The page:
would srow, and wnon the crop was cured and gathered the proceeds went 
to the farmer's wife for pin money. It usually amounted to only a few 
Pesetas. Cto tha advent of outside iLercantile houses, however, aOmond 



w 41 •" . ., < 

' .. ■ p ' ' ' 

growing becaioe r.:oi^ inoportent. 'Perceiving that tne al:i:ond crop was 
essentially & luxury crop and that th-^re was much more oonqy in the 
higiaer class nuts then in the rougher nuts, and that to get satisfactory 
results with the higiaer class nats, grading was essential, these houses 
established grading and packing organizations and time developed the 
present system of grading. Bie farmer soon learned that there was mor® 
money in the product .pf. hi ^r class v trees and accordingly planited more 
and oetter trees and paid more attdhtion to the cultivation of iiis croip. 
Fertilizer is now. coming more gsnerally into use* cjad pruning is im- 
proving. The iEgprovement is slow, however, for the people are the most 
hackward in Spain. ... 

?7ith the "better financial showing of the almond crop a gre^^.! 
interest; was taken in the raising .of almonds on the large estates. 

Shis interest has been a more* recent development* so that the orchards 

:• ■ • ■ ' 
on many of the largd estates are just beginning to bear. "Kiis of course 

• . ' • • _. . - 

mesne an improvem<ait in the siq^plies. It must, navever, be noted that • 

this region is an,, excellent one for citrus crops and one whore the 
fertility of the land permits extensive citrus culture wherever there is 

» 

suf ficiisnt water. ^ The Speaiish -^ar^ers are just beginning to realize 
that almost arythihg can be grown with plenty of sun aiad water and 
fertilizer. \ ' - 

!Die large estates on wiiich special attention is given to al- 
mond culture are situated chiefly in Granada, where the xoclsy liiaestone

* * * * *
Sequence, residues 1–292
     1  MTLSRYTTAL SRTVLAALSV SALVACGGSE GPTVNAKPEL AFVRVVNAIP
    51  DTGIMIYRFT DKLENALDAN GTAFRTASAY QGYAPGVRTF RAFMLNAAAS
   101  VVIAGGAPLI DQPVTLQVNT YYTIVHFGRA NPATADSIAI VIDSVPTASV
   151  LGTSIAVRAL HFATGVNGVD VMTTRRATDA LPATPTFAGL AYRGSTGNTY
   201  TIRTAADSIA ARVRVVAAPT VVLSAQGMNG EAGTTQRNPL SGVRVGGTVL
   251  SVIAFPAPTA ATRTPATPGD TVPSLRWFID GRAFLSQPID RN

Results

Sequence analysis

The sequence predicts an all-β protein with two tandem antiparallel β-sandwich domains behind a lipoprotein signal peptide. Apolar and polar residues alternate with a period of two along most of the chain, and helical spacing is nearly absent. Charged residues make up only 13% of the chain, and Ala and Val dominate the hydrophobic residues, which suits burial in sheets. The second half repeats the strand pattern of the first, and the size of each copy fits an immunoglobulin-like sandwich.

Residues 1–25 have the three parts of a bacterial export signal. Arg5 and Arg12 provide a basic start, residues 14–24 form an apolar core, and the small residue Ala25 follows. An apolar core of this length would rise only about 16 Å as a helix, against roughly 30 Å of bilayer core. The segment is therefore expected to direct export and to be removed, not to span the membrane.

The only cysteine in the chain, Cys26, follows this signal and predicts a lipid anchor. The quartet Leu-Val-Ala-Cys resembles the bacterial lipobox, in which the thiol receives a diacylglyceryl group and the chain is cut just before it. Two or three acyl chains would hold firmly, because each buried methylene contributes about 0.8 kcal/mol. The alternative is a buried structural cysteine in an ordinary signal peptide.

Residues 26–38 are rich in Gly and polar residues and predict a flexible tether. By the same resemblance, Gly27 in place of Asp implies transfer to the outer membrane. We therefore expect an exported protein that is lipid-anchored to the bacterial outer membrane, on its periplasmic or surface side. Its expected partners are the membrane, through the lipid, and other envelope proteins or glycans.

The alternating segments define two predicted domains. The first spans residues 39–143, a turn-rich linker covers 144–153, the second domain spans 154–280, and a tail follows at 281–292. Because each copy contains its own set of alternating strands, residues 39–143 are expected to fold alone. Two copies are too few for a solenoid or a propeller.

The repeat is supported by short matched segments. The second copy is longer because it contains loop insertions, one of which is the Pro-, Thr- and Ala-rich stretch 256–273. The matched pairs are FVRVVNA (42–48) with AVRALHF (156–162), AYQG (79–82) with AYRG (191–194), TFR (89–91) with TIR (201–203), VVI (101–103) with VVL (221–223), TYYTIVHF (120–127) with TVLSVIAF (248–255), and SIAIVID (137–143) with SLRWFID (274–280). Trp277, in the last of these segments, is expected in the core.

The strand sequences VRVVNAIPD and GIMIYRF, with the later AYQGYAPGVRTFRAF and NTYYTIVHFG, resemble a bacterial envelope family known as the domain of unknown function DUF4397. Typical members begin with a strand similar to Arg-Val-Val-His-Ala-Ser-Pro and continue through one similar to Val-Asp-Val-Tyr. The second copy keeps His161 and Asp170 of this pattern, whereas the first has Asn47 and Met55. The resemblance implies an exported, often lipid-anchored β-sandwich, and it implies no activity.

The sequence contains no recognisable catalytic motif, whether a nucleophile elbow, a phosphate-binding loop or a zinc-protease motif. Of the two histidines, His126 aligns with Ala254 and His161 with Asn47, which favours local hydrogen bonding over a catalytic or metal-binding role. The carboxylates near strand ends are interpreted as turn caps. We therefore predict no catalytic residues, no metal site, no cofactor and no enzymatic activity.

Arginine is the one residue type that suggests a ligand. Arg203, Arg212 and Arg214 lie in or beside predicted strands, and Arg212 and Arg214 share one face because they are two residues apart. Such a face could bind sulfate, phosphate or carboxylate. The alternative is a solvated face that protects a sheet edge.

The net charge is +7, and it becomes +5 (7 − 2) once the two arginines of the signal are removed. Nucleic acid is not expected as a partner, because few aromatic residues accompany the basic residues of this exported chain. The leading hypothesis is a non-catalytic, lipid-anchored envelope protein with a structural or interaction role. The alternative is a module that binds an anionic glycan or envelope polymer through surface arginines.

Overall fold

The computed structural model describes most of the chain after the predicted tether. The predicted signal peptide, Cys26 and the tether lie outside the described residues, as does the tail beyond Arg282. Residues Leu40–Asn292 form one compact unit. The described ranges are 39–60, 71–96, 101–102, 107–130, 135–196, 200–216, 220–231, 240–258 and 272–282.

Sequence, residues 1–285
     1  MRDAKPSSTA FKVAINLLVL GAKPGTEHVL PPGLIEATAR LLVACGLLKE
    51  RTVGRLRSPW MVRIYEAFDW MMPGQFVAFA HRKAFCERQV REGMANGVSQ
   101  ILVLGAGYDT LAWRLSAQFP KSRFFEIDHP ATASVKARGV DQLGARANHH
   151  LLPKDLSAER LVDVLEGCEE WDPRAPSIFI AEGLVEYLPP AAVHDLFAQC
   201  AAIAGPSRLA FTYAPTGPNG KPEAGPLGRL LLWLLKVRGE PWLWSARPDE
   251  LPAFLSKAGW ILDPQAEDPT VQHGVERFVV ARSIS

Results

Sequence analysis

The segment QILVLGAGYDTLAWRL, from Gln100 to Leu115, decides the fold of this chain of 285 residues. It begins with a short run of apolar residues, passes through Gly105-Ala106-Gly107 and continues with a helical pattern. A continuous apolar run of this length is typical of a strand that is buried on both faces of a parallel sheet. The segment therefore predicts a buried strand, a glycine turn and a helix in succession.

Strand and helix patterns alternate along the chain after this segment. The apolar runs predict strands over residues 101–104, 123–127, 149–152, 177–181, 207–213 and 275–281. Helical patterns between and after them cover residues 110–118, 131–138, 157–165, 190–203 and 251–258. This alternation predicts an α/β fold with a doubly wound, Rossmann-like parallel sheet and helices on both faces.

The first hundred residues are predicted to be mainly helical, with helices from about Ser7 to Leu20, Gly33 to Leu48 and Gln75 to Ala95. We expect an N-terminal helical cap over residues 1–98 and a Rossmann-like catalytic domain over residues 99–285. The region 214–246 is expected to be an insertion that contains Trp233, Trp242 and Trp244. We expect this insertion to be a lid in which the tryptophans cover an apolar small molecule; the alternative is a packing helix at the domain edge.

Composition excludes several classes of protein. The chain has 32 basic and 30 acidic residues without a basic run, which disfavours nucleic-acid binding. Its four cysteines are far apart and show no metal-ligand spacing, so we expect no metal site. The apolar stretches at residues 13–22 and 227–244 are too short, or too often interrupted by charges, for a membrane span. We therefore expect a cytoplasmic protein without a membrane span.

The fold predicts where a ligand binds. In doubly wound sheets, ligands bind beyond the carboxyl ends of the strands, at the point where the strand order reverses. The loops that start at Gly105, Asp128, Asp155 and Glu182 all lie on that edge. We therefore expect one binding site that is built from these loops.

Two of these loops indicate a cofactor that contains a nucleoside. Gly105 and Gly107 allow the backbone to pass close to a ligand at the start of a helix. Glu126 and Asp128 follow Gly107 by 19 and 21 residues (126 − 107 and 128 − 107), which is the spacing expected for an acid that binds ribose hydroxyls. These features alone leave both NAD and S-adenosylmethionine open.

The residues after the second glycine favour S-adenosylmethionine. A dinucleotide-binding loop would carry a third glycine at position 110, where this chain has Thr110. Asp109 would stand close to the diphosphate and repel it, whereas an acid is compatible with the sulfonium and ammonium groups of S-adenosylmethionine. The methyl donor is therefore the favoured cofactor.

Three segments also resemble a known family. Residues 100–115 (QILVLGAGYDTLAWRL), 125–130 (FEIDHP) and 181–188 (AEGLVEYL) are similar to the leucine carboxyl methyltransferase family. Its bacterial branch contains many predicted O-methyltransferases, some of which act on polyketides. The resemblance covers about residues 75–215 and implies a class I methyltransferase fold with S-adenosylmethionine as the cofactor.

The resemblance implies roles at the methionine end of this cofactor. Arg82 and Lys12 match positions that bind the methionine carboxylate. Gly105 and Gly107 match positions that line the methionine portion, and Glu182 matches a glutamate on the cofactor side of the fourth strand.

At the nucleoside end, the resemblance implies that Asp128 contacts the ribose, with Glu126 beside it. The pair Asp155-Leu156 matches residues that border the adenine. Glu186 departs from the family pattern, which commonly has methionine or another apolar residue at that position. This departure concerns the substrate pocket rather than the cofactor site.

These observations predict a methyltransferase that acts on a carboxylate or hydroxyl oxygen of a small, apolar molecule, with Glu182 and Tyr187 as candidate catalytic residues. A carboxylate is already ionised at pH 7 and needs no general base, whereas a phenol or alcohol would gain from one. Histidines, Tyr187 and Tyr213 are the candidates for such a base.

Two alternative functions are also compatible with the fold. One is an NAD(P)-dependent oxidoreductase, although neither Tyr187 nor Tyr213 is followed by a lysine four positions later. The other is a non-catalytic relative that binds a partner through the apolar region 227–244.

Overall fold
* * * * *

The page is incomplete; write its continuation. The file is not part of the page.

•oil is particularly adapted to aloond, culture and where water is not 
available for the irrigation req.uired f or citrus fruits. These estates 
are yearly becoming more important. The majority of small holders a^m 



I 



I 



I 



tbelr own fkrms and are rather independent financially. Their needs 
*re imt and are mostly supplied firom their flsirms. Ih6 almond and citrus 
are the cash crops for taxes, etc. 

PROPqCTIOW OF AIMONEB IN SPAIN . 

The production of alaonds in Spain dwing the 1920-21 season 
has heen estizoated by the Comite Xnfonoation do Producciooes Agricolas 
At 1,303,302 metric qliintals X2E7,326,000 ibs,) ffithered from 18,299,656 
trees on an area of 73,7^ hectares (19^,570 acres)." The following 
table coGxpiled by the Spanish Qovemaent gives the de tails of this 
estioate: 

(Official mkfttes) ' 



Districts 



Irea 



Acres 



Castilla la Niseva : 1,^3 

Castilla la Vieja : 778 

Catal\Bi& : ie,6b7 

levant© : 74,71S 

Anduliacia Oriental ....: S,963 

Andalucia Occidental ..: 1^,507 

Xztremadura : 195 

Galicia j ^- 

▼ascoDfl^das ,,: 7 

Cantabrice : 12 

•Aragon : ¥*,972 

Canary Islands : ^rSl6 

MBILS \ 19^,570 

■ ■ 1 



Number 
of trees 



Prodiaction 



Nqnber 

202,177 : 

78,072 : 

•5,226,007 : 

6,018,136 : 

1,038,362 : 

222,572 5 

16,603 i 

398,5^ t 



2^336 

■ >,500 
^,762,325 

ICO, ceo 



5 18,299,656 



PoTjpds 

1,906,538: 
884,926 
80, 232,449 
94,137,081 

15,179,773 
5,839,809 

272,929 

5,3^5,555 

32,849 
59,524 

76,039,3^ 
7.275.180 



287,325,957 



Productibn 
per tree 



Pomds 

13.2 

11.0 
11.0 
17-6 
15.U 
19.8 

15-4 

13.2 
^3-2 
15*2 

2U,3 



15.7 



The extent to ;»hich eoBnercial figures vary from the official 
is indicated in the follovfing table coaopiled by UbbmbI Excude :^toli, 
larhich gives the production of aliBOods in Spain during the 1920-21 season 
Itj provincts. 



^3 - 



^ 



- f 



^ » 



Province 



PPODUCTION OF ALI'IONDS BY PROVINCES. 
_^ •; ( Cownercial Esti mates) 



Tarragona i ........ ! 

Baleare s ; 

Aimer ia ; 

Alicante *....'.».: 

Ivlurcia.. .i. . .-. . a. ..... ,.."...: ' 

Lerid^ ' ' • 

**l^3i^jpt « «•••••«••■•« •*• • • , • • • • 

Cadiz '"^ * • 

Canarias. '. 2 

Ca&tellon ...j. ,.. ..; 

Cordoba. . , ". ...,<.-..,,, i ,